As those words hung on the white board in my AP Lang Class, conversation began to buzz with the talk of licenses, jobs, and new-found responsibilities—even parental and sibling actions emerged with laughter and a scheming sense of lucidness from the respected teller.
My mind went into introvert hyper-mode as I slid down into my seat; not wanting to disturb the delightful classroom atmosphere, but recalling the pungent memory of February 7th, 2009. While my mind began vividly recalling that day in a gray scale lens, I raised my hand.
“About two weeks after my thirteenth birthday, my mother was hit by a car in our neighborhood”, my voice trembled.
The class went silent for a few seconds as a slight look of shock and sympathy crept over my teachers face.
I didn’t even bother mentioning how I remember sitting by her side in the ER for seven hours; frozen in panic and shock—imagining the worst possible outcome of losing my mother to a relatively simple accident. Or how earlier that day, she told me to change into actual clothes even if my plans for that day revolved around playing Sims 3 and how I was never so thankful I had a pair of jeans on as I sprinted a couple hundred feet from my house to the site of the accident. If I imagine hard enough, I can almost even feel the two apple cinnamon breakfast bars swallowed in chunks sliding down my dry throat—I wasn’t even hungry, just responding to my worried family after denying their request to leave my mom alone for a bit to grab dinner.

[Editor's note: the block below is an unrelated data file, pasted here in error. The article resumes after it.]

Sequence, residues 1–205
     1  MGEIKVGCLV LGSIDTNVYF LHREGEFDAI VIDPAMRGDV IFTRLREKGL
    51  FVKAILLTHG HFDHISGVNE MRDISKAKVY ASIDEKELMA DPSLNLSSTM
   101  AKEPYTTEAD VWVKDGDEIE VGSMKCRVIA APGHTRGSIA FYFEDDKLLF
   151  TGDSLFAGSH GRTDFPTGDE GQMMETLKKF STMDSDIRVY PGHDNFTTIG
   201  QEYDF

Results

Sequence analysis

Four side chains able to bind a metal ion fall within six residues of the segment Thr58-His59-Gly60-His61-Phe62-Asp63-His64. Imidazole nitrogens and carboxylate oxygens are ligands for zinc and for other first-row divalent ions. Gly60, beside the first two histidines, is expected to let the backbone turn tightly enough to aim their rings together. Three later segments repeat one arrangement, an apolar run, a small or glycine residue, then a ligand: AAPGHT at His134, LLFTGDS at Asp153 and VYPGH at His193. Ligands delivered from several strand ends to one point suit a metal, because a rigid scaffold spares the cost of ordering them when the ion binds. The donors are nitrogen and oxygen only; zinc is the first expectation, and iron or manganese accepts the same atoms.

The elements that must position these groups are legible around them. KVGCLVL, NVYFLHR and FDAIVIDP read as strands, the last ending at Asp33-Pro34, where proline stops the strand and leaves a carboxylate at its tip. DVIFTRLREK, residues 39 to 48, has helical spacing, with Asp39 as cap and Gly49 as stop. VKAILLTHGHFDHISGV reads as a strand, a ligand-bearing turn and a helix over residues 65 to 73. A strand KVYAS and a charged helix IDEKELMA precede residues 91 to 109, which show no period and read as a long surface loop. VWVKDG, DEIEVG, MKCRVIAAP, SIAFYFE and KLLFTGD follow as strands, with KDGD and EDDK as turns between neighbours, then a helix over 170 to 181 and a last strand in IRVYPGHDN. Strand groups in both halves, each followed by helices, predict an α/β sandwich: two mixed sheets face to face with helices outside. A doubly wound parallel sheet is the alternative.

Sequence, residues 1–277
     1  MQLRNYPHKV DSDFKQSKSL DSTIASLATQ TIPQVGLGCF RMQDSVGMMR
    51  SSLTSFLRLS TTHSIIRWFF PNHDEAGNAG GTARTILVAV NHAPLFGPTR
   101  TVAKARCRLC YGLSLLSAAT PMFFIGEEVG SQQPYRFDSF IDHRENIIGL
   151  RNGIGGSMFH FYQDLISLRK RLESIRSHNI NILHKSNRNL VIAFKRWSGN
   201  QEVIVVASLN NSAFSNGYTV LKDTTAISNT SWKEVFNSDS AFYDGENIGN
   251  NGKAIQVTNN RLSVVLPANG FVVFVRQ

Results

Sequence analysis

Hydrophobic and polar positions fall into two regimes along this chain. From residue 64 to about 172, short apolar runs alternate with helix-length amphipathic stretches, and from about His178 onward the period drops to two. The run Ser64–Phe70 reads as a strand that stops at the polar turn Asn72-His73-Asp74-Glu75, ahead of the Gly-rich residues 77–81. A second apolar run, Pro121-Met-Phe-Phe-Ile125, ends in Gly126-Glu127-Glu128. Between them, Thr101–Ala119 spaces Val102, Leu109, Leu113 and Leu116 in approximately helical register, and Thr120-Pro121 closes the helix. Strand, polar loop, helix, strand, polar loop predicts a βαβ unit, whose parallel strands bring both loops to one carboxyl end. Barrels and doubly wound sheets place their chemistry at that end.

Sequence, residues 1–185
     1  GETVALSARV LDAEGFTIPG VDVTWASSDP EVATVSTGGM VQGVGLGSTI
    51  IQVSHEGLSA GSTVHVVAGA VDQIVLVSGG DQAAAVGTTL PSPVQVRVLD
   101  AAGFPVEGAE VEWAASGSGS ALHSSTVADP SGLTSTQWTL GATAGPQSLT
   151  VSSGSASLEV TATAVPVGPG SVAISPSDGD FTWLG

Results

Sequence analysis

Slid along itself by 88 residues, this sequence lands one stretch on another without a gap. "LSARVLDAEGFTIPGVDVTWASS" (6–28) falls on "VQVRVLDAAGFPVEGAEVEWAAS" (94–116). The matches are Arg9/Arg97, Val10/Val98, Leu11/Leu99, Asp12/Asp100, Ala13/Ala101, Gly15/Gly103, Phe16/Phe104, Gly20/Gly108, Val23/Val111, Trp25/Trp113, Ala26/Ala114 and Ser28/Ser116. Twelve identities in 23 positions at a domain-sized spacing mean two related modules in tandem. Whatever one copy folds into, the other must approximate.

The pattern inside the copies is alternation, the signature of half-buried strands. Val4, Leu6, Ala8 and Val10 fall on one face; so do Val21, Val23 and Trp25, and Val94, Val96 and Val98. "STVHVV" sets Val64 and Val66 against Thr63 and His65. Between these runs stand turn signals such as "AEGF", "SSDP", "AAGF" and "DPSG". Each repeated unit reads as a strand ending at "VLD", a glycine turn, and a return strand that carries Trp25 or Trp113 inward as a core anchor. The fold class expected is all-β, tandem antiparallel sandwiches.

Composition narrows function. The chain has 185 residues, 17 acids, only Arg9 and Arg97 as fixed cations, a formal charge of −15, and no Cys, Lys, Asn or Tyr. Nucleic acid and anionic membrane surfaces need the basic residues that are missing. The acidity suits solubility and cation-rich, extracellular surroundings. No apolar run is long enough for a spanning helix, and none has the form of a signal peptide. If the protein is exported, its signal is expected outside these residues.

The entire time my Mom laid down in a neck brace, my entire body was too stunned to leave her room or her side.
Her only accident side effect?
She had to buy shoes with a lower heel for my bat mitzvah two weeks later along with some minor bed rest and slight concussion.
Something similar happened a little over a month ago.
Two days before prom, my Mom received a phone call from one of my aunts updating her on my grandmothers condition—possibly near death. My grandmother thought she wouldn’t live to see the following Monday. As tears welled in my mother’s eyes, I held her grasping embrace for as long as tears streamed down her face.
Such a feeling prompted no personal emotions beyond the depressing mood in my house prompting muscle memory to make cookies.
When she hastily left for a flight hours after receiving the news, she told me to not worry and have fun at prom—something I opted to attend to please her. While everyone else at my school had their mom with them that day for pictures and the whole process of getting ready, we Face-Timed briefly off my father’s Ipad during pictures with my prom date and his parents.
By the end of prom night, both my date and I realized we participated in this high school ritual at a level that fulfilled our purpose for going—to please our parents, and for me in particular, give them something to be excited about.
That grandmother gradually recovered from her health scare and it was almost as if my mother stepped off the plane thanking me for being a rock. I couldn’t help but to insist how while most people have a fight or flight reaction to events, the shock that overcomes my body makes me nurture and protect.
To me, the end of childhood meant realizing how my parents are human—they aren’t indestructible and they too, can feel pain and fear and everything plaguing all of our nightmares that makes us fear future realities.